For the fruit mince:

1 large pear, peeled and finely diced

1 Pink Lady or Golden Delicious apple, peeled and finely diced

100g butter

80g soft dark brown sugar

120g raisins

100g sultanas

3 tbsp candied mixed fruit peel

1 tsp cinnamon

3 tbsp rum or port

4 tbsp water

For the pastry:

350g plain flour, sifted

Pinch of salt

200g chilled unsalted butter, diced

2 egg yolks, beaten (you may not use all)

Egg wash, to glaze

Icing sugar, to dust

Baileys cream, to serve


1. To make the fruit filling, combine all the ingredients in a medium-size saucepan and heat over a low heat. Simmer for about 15-20 minutes. Set aside to cool completely before using.

2. To make the pastry, place the sifted flour and salt into a large bowl. Add the diced butter and rub in until the mixture resembles breadcrumbs.

3. Mix some of the egg yolk to form a medium-soft pastry – but the pastry should not be too soft or damp.

4. Wrap in cling film and chill in the fridge for 20 minutes.

5. Preheat the oven to 190°C (170°C fan/375°F/Gas 5). Line a baking tray with parchment.

6. Cut the pastry into ¼. Dust a clean work surface with flour and roll the large portion out thinly into a rectangle shape about 20cm x 30cm. Transfer the pastry onto the parchment-lined tray.

7. Crimp the edge of the pastry with a crimper or your fingers.

8. Spread the fruit mince filling neatly onto the pastry, leaving a 1cm edge all the way around.

9. Brush the edge with egg wash. Roll out the smaller portion of pastry and cut out small stars.

10. Place the stars randomly on the fruit mince and brush with egg wash.

11. Bake in the preheated oven for about 18-20 minutes until light golden brown.

12. Remove from the oven and allow to cool before transferring to a cooling rack.

13. When ready to serve dust with icing sugar and serve with Baileys cream or fresh cream.

Catherine’s Tip

To make Irish cream, pour 250ml cream into a mixing bowl, add 4 tbsp sifted icing sugar and 3 tbsp Baileys; whisk until thick and spoon into a small bowl to serve.


Panforte di Siena

Panforte di Siena


Makes 6

A little goes a long way with this fabulous, centuries-old Italian Christmas treat. It’s a special fruit-and-nut confection that is rich in flavour and very moreish. The first written reference to panforte dates back to the 1200s and apparently the Crusaders carried this durable treat with them. This delicious Italian confectionery can be made ahead and then stored in an airtight container in a cool, dark place for 2-3 weeks.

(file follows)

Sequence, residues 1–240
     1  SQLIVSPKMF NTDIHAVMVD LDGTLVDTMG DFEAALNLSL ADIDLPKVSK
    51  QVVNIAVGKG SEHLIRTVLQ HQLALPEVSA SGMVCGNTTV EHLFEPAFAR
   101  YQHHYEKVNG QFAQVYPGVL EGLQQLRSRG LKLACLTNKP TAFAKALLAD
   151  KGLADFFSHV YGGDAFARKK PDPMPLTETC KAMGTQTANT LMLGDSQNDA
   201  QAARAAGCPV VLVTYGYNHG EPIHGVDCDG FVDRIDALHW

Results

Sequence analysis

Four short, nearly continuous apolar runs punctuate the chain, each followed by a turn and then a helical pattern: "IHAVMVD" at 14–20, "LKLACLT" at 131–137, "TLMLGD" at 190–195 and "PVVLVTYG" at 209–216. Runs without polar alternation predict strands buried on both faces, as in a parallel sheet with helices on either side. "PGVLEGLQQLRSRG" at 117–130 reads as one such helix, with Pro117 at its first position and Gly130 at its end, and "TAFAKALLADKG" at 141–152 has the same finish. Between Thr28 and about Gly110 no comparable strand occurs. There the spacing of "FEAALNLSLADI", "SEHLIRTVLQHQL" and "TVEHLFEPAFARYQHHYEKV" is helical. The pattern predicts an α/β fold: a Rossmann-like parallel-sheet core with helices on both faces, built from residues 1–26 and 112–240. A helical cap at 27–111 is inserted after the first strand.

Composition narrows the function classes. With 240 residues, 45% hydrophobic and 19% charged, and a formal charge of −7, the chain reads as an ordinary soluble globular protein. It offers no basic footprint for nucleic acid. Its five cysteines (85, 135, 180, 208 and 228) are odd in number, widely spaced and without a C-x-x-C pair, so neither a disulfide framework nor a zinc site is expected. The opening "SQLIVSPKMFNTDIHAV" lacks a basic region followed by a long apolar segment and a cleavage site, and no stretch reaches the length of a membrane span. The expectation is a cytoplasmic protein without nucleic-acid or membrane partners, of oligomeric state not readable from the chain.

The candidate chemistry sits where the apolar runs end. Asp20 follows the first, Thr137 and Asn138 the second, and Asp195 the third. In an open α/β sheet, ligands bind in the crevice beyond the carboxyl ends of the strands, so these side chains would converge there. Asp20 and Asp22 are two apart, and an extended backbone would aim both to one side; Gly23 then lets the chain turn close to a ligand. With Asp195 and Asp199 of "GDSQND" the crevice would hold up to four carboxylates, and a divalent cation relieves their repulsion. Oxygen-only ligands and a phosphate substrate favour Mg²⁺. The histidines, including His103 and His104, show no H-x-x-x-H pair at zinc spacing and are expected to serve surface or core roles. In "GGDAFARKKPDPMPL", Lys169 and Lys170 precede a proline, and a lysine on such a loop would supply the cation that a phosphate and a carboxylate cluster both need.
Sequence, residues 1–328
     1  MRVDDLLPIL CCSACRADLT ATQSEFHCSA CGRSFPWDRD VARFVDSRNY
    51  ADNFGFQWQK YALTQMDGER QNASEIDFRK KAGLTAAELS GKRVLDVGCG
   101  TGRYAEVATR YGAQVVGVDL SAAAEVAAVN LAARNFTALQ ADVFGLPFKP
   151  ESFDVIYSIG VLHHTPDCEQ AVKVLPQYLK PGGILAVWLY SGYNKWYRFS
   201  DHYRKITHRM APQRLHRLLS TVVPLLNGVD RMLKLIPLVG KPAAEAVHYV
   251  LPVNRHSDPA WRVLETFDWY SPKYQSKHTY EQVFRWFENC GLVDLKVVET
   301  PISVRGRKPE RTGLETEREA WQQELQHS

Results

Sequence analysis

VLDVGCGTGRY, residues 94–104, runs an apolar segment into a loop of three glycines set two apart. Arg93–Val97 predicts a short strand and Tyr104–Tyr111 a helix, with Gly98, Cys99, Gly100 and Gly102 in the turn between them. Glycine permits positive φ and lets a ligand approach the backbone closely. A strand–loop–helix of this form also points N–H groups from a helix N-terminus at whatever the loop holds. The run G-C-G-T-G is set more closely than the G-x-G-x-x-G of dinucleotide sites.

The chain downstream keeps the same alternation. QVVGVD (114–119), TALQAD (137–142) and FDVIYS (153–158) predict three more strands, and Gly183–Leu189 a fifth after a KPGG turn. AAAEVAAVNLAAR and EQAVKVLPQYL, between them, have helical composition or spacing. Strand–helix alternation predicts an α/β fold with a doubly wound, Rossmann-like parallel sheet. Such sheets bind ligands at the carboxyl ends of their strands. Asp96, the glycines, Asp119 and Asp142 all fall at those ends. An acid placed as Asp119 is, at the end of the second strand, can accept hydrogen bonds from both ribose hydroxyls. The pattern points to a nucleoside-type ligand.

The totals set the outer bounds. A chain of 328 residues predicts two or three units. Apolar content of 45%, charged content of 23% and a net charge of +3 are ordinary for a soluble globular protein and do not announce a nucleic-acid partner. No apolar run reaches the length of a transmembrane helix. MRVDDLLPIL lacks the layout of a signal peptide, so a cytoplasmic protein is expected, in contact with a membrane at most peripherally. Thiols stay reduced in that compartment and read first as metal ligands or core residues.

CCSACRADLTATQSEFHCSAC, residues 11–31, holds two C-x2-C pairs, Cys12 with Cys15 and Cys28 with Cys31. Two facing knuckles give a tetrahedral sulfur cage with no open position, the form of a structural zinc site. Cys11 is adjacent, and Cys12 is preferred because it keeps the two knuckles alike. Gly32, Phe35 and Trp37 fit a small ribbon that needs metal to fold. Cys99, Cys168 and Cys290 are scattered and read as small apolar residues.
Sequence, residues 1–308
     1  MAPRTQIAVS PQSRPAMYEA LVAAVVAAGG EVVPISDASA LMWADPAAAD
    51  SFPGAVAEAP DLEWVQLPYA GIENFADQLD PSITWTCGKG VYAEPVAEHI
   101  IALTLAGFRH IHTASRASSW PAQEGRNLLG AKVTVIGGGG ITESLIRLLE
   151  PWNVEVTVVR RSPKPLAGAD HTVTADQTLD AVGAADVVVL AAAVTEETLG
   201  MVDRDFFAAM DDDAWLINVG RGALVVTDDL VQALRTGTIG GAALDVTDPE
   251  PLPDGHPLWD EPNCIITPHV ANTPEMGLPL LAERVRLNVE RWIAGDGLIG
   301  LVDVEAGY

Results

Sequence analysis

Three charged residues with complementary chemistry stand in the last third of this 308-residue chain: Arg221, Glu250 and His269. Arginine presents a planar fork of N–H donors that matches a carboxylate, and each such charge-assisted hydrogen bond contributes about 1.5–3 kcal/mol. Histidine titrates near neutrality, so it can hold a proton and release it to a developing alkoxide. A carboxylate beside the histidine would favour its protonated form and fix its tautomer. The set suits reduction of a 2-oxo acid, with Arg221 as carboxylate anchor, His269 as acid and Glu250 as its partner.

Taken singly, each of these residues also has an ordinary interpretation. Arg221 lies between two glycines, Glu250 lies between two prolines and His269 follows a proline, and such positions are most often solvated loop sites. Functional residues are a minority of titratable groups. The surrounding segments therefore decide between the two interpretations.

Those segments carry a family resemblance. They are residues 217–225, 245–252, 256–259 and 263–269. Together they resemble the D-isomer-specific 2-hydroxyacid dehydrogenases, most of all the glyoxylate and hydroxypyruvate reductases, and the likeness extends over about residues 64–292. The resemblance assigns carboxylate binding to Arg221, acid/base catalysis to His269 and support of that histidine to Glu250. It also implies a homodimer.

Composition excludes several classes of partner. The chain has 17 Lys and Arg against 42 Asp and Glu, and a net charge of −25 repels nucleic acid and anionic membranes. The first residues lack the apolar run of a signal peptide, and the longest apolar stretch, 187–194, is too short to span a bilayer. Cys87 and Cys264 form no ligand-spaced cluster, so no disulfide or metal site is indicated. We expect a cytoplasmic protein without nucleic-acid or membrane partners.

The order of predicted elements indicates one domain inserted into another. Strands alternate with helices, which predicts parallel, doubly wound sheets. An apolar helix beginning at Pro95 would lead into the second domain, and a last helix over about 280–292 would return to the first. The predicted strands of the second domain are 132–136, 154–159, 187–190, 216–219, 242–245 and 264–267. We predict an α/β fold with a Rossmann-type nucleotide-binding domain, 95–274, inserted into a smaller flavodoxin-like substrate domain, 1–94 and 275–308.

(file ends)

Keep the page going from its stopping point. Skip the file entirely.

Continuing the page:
100g almonds, roughly chopped

70g hazelnuts, roughly chopped

60g shelled pistachios, roughly chopped

60g candied orange peel, finely chopped

4 dried figs, roughly chopped

100g plain flour

2 tbsp cocoa powder

½ tsp ground cinnamon

½ tsp ground nutmeg

¼ tsp ground cloves

150g caster sugar

80g clear honey

4 tbsp icing sugar, to dust


1. Preheat the oven to 150°C (130°C fan/300°F/Gas 2). Line a 20cm square cake tin with baking parchment. Mix the nuts with the orange peel and figs in a small bowl.

2. Sift the flour, cocoa and spices together in a large bowl and mix in the nuts and fruit.

3. Gently heat the sugar and honey in a saucepan until the sugar has dissolved.

4. Raise the heat and let it simmer for 2 minutes. Quickly stir the syrup through the dry ingredients and then spoon the mix into the prepared cake tin, pressing it in with your fingers.

5. Bake in the oven for 30-35 minutes, until set. Allow it to cool in the tin.

6. When cooled, remove the baking parchment and dust with icing sugar. Soak the figs in amaretto liqueur for an extra kick.